Wednesday, 29 November 2017: NODES Seminar, Durham
General meeting of all members of NODES and their PhD students.
Room E240, Department of Computer Science, Durham University
14.00-14.45 Iain Stewart (Durham, CS): On some mathematical aspects of data centre networks
14.45-15.30 Tea/Coffee break
15.30-16.15 Tom Nye (Newcastle, Maths): Geometric statistics in tree-space
Iain Stewart (Durham, CS): On some mathematical aspects of data centre networks
Abstract: Interconnection networks form the communication fabrics of distributed computer systems and are common-place in distributed-memory multiprocessor machines (supercomputers), systems on chips, and data centres. The massive number of processors involved in an interconnection networks means that it is simply not feasible to build prototypes and consequently interconnection network design is guided by appropriate graph-theoretical structural properties combined with simulation (in software). In this talk, I will illustrate a number of ways in which discrete mathematics impacts upon the design of interconnection networks for data centres.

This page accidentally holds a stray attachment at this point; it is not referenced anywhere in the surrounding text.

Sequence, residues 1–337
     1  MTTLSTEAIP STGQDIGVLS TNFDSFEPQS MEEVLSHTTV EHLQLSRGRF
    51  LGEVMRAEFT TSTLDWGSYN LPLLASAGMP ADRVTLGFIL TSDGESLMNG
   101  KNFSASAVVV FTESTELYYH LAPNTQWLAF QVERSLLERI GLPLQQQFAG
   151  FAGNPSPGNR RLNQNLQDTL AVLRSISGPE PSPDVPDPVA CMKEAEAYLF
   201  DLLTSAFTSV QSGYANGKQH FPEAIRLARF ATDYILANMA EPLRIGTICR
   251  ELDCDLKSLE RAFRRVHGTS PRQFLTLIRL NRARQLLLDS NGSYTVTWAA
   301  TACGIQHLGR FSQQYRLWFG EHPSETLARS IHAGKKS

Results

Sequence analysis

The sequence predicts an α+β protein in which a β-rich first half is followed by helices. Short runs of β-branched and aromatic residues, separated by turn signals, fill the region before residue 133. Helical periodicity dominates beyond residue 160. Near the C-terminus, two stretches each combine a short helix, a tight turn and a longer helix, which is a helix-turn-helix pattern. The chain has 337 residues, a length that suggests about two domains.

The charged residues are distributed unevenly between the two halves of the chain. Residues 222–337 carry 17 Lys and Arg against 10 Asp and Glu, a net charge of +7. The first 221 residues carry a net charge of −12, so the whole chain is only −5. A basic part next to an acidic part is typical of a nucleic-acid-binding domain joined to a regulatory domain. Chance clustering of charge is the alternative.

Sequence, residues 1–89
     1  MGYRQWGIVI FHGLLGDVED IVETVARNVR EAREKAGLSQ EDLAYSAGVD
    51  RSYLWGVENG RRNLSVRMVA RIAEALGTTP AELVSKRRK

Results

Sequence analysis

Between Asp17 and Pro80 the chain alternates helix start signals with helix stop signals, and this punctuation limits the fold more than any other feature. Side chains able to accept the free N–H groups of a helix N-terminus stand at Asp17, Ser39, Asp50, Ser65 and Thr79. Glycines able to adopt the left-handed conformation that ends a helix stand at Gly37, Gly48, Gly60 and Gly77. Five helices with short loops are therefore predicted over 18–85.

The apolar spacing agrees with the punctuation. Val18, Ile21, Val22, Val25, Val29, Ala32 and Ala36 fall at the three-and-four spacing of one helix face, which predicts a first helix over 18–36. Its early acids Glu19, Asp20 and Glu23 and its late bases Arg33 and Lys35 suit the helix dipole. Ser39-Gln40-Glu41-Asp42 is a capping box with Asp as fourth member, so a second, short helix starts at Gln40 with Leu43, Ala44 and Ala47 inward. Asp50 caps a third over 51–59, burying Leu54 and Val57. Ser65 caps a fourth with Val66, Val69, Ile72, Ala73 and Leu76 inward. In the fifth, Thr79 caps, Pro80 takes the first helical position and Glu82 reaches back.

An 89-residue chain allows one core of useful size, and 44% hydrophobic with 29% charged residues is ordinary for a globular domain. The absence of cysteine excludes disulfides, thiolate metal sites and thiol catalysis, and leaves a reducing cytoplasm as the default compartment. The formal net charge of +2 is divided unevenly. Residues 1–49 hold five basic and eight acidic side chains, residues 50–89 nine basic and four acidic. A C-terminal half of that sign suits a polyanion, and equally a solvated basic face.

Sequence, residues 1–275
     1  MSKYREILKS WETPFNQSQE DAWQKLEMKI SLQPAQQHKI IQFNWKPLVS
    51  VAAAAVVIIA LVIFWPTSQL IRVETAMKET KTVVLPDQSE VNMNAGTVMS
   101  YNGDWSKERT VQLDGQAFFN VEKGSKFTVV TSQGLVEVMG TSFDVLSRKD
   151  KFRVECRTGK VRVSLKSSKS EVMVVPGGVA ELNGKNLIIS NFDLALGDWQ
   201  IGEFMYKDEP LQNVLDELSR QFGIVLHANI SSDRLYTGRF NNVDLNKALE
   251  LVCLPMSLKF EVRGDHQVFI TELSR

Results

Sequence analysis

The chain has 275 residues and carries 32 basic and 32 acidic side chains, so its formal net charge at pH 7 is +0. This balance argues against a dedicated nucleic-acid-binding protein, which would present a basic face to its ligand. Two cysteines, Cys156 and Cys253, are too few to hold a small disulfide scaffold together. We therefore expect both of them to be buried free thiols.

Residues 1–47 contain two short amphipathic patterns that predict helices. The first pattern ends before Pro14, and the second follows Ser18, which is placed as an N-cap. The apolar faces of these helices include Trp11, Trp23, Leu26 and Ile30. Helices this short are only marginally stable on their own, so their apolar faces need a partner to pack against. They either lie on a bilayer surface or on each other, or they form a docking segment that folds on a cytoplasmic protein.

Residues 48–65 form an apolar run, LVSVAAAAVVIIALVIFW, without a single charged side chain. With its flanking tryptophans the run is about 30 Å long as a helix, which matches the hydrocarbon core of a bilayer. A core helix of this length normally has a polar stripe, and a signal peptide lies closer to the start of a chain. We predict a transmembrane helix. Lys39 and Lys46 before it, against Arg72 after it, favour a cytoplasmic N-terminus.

Tom Nye (Newcastle, Maths): Geometric statistics in tree-space
Abstract: Phylogenetic trees represent evolutionary relationships between present-day species. Each tree can be considered as a combinatorial object, or when the tree is edge-weighted, as a point in a continuous metric space. Conventional statistical methods cannot be used to analyse data sets of trees since the space of all trees on a common set of species is not a vector space. Instead, tree-space has been shown to be a “non-positively curved” geodesic metric space and geodesics are computable in polynomial time. In this talk I will give an introduction to the geometry of phylogenetic tree-space, and describe a few ways to translate conventional statistical apparatus into this novel geometrical setting. This brings together ideas from metric geometry and analysis of stochastic processes.
Snapshots of the event